How to Hire a Retail Sales Associate

Cartoon drawing of people shopping for shirts

Perhaps nowhere is the absence of good retail employees felt more than within the messy storefronts belonging to these retail giants. The impact: 64% of shoppers said they left a store due to poor appearance and disorganization. Especially after a pandemic, as people return to in-person shopping, store appearance can shape a consumer’s eagerness (or anxiety).

“Being organized and clean is going to be more important than ever for people. That’s going to give them signals of safety.”

Kelly Haws, consumer psychologist & Vanderbilt University marketing professor

Safety goes beyond the physical. Shoppers also want to interact with someone welcoming and empathetic during their retail sales experiences. Interacting with a sales associate is typically the only face-to-face experience customers have with your brand, so who you hire can make or break your business. Hiring managers are already facing unique challenges when staffing open roles. Taking extra care when planning how to hire retail employees will positively affect your customer experience. 

Recruiting seasonal employees or looking for temporary staffing solutions for your retail business? Read on to learn how to hire a retail sales associate in six simple steps.

Step 1: Identify required skills

No two retail environments are the same. Consider the unique needs of your business when identifying must-have required skills for potential employees. Since retail jobs are often entry-level, your applicants may have limited or no prior work experience–consider alternative strengths. 

If you are a manager at a store asking yourself, “How do I hire a retail employee?”, consider candidates with:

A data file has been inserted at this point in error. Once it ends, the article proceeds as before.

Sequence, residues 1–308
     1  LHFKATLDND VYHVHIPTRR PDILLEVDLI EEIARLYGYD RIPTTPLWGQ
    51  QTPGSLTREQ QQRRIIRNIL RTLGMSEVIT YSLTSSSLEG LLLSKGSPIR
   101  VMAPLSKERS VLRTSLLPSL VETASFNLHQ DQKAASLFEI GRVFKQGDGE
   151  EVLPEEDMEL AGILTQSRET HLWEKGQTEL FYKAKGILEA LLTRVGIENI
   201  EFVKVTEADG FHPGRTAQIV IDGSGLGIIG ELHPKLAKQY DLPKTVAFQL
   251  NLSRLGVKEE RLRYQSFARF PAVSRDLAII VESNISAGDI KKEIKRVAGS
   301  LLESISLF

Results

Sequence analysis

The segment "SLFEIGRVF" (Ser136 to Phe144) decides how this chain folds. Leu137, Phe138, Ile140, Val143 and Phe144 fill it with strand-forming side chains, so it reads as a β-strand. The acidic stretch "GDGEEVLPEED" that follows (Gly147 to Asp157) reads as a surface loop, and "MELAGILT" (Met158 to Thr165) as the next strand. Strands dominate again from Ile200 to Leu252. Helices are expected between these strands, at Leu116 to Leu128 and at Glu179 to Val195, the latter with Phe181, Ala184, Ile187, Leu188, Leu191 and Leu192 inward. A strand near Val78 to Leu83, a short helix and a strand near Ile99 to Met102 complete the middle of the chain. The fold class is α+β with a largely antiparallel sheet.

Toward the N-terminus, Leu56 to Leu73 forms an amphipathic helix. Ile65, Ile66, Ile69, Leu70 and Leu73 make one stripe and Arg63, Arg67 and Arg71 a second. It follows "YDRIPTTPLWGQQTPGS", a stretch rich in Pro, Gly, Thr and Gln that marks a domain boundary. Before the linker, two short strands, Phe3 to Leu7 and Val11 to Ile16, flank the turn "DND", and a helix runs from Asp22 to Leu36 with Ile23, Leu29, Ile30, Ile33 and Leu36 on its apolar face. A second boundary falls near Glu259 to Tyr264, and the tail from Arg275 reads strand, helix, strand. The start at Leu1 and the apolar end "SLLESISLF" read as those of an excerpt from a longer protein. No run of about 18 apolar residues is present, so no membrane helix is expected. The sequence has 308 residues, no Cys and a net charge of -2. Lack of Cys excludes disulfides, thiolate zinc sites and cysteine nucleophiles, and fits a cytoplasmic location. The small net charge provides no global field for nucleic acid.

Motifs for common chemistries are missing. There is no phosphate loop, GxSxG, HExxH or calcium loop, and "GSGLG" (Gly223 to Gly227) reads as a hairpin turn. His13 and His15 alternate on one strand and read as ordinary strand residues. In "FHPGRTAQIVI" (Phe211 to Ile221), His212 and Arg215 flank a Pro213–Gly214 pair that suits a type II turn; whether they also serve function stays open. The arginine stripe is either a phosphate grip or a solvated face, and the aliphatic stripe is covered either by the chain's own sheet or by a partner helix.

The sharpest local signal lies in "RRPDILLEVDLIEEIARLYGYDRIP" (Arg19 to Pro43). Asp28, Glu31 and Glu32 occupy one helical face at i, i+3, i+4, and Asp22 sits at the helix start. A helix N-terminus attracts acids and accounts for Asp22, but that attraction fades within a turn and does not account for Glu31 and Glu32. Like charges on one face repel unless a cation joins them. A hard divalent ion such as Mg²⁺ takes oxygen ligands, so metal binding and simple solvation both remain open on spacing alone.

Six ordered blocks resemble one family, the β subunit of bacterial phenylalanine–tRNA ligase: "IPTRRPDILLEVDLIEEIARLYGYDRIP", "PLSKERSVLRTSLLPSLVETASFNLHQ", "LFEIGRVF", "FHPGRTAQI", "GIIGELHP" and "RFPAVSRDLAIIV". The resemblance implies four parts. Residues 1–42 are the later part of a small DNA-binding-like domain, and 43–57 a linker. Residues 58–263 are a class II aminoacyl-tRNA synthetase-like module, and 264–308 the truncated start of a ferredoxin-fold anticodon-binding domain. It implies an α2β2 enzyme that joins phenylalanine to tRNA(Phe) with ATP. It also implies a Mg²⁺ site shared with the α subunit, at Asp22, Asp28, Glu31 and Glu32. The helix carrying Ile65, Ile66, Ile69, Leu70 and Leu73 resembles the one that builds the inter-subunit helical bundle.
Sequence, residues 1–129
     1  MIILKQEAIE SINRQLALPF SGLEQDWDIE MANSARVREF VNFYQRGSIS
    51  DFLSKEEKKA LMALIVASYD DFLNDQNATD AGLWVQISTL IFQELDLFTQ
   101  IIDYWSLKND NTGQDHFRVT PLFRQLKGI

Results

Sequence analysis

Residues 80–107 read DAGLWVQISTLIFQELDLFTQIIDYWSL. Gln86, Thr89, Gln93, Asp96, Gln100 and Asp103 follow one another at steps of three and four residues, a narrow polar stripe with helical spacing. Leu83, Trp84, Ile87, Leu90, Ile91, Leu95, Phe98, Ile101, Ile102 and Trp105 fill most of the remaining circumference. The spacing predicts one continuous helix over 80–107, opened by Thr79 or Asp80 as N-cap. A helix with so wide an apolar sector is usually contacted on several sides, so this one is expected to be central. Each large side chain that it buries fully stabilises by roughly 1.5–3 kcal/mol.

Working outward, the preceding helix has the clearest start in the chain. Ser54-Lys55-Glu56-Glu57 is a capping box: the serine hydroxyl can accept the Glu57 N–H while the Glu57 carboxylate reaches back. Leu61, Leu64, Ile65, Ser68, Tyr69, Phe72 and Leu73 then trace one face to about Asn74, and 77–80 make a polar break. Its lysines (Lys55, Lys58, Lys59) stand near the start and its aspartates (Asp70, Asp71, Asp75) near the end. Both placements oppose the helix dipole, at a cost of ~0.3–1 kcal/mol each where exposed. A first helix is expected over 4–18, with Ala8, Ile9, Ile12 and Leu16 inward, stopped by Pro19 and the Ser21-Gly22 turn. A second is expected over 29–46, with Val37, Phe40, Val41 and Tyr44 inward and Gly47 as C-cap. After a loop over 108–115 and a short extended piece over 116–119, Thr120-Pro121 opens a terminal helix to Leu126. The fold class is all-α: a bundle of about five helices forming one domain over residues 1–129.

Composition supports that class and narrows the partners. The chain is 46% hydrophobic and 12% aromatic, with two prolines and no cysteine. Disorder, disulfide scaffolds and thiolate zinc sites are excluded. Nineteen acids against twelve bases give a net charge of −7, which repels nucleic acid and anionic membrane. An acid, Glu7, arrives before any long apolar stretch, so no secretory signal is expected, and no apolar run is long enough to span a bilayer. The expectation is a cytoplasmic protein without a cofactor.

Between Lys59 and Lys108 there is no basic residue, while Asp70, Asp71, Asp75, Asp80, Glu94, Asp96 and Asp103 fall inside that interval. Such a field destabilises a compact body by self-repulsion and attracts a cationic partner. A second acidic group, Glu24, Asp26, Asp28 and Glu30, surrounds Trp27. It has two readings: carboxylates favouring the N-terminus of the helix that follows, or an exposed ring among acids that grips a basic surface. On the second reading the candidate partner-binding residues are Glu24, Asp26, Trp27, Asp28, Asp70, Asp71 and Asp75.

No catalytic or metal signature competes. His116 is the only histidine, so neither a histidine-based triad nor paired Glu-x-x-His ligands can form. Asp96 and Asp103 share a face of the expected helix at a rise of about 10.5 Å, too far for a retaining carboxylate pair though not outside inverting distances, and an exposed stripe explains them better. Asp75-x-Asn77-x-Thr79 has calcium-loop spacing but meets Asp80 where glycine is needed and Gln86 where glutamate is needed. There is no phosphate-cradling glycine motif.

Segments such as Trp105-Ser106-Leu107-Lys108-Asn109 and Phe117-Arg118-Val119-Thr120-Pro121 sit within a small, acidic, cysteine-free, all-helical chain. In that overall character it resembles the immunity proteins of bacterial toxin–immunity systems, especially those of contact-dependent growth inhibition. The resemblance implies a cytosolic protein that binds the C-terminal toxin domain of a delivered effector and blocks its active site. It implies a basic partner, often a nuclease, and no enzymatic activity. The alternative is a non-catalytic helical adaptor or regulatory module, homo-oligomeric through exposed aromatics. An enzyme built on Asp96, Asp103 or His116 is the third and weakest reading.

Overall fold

• a cheerful attitude
  • an aptitude for point-of-sale technology
  • excellent communication skills in your market language 

If you are a boutique owner asking yourself, “How do I hire a sales representative?”, consider candidates with:

  • enthusiasm for your product
  • an ability to work independently
  • the ability to upsell without being pushy  

Step 2: Identify your incentives

To attract highly talented retail candidates, give them a reason to choose you over your retail competitors. Consider your current perks and incentives, and assess your bandwidth to expand them. 

Many companies offer special discounts on products or services, employee discounts, or free meals. Specialty retail often provides opportunities for industry-specific training & professional development. Niche markets may offer commissions, bonuses, and other performance incentives.

Offering career advancement opportunities and clear pathways to supervisory or management roles can also make it easier to retain your top performers and reduce the time and expense of recruiting new employees.

Step 3: Build your job description

Now that you’ve identified required skills and an incentive package for your ideal retail sales employees, it’s time to write your job description. A clearly-written listing is essential: vagueness elicits fewer responses and deters highly qualified applicants. Use specific language to communicate who you are looking for and what they can expect in the role. 

Some components to consider when writing:

  • Job title
  • Part-time or Full-time position
  • Minimum age requirement